“If I want to get into multi-band compression, I typically use an MC2000 on Tom’s vocal and bass guitar,” he notes. “Our vocal chain is essentially the multiband compression along with some dynamic equalization to take care of things down in the low-mids and some of the ‘esses’. That’s really about it. After that it’s just onboard compression and EQ as needed.” Crane Song Phoenix tape head emulation plug-ins are applied on specific inputs as well as right across the mix bus. Eventide reverb is a primary player on the drum kit, which also benefits from Waves API 2500 compression. As further complement, a Brainworx BX Boom plug-in sees use on the drum kit in a fashion similar to a low frequency harmonics box.
L-Acoustics line arrays flown in left-center-right configuration.
It’s been a long time since Scovill first came to rehearsals and found Petty singing into an Shure SM57 with no windscreen, surrounded by four wedges. With little to no wireless historically being the norm for Petty and The Heartbreakers, this tour is no exception. Petty’s vocal mic these days is a Neumann KMS 150. “Compared to other singers, Tom is pretty quiet,” he relates, “and his singing has consonants that are often rounded-off. Because of the gain before feedback challenges for live events, it was often very challenging to get a lot of diction on his microphone.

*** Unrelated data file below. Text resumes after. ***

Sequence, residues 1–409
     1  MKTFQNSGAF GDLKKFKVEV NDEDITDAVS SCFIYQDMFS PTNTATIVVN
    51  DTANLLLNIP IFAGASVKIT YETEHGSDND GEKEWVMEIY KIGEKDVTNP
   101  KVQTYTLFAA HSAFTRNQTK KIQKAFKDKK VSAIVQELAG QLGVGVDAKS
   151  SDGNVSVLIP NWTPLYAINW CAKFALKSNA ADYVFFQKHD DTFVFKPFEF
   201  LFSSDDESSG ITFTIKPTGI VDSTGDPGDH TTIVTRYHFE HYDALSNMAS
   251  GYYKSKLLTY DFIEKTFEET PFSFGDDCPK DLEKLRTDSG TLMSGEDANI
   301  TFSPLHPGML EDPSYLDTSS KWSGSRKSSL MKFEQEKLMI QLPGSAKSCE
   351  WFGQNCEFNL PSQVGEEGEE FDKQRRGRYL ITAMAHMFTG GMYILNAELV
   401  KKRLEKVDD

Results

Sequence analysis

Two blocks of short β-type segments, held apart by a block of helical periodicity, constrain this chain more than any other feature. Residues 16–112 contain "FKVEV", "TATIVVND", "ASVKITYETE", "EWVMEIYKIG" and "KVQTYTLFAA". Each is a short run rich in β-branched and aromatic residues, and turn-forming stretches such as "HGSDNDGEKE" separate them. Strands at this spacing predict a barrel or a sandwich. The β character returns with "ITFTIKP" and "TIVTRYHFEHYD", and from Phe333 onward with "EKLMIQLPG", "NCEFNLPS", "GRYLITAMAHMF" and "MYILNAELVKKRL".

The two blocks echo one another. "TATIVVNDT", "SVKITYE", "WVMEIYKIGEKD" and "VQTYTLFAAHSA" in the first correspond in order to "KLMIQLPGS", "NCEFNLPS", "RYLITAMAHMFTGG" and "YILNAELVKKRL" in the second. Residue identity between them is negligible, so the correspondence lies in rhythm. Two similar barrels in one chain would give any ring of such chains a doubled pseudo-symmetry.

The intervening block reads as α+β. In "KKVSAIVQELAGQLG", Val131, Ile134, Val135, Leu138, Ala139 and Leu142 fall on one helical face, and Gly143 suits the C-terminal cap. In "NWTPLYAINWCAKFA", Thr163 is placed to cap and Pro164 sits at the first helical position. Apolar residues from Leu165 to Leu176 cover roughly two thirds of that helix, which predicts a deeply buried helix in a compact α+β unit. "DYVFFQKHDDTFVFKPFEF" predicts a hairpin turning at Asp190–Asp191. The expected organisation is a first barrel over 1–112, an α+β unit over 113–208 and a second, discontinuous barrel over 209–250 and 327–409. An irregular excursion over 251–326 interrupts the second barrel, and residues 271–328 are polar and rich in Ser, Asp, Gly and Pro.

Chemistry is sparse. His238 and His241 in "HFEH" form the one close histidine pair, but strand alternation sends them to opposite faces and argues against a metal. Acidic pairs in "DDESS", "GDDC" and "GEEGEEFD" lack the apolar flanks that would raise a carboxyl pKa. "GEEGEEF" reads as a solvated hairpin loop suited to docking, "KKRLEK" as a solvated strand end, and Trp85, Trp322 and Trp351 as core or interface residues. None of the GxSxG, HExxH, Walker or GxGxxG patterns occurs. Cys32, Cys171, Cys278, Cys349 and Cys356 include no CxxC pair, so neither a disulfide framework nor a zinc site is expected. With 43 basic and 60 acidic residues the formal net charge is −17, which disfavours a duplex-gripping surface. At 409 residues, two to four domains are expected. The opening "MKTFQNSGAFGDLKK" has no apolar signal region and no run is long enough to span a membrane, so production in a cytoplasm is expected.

That’s why I took a turn in a completely different direction from what I came upon, and suggested the most sensitive mic I could find in the midrange. “The KMS 150 is certainly that, with the caveat that it also has a very wide pickup pattern, so you have to be very aggressive and in total control of that fader for the entire night. You cannot leave it on when he steps away from the mic, so as a mixer you have to learn all of his moves and really be on your toes.”
For past tours, for the sake of continuity, the KMS 150 was also the preferred microphone for backing vocals. Based on the results of a shoot-out among other mics prior to this tour, however, Heil Sound PR35 microphones landed the job this time for sonic reasons and also because they’re tight in regard to surrounding noise. Back on the drum kit, Scovill employs a Rode NT4 cardioid condenser stereo mic. “The top end of NT4 is shut down a little compared to most other condensers,” Scovill says of the X/Y device, “but I really like its midrange and low-mids. Plus it lets me easily get a stereo mic up in one position and have very consistent placement night-to-night. I love the center image, it’s a big part of my snare and tom sound up front.”
The Next Level
Robert Scovill doing some pre-show work on
his Avid D-Show VENUE.
Onstage, monitor world receives direction and guidance from Greg Looper, part of a crew that also includes crew chief John “Haircut” Tompkins, assistant house engineer Jim Brentlinger, assistant monitor engineer Mike Bangs, and tech Mike Murante.
Keeping with a Petty dictum that says if it ain’t broke don’t fix it, the task of monitoring still relies on a proprietary wedge design first developed by touring company Electrotec years ago.
On the flip side, the stage mix, like the house, jumps into the 21st century thanks to the addition of a second D-Show VENUE desk.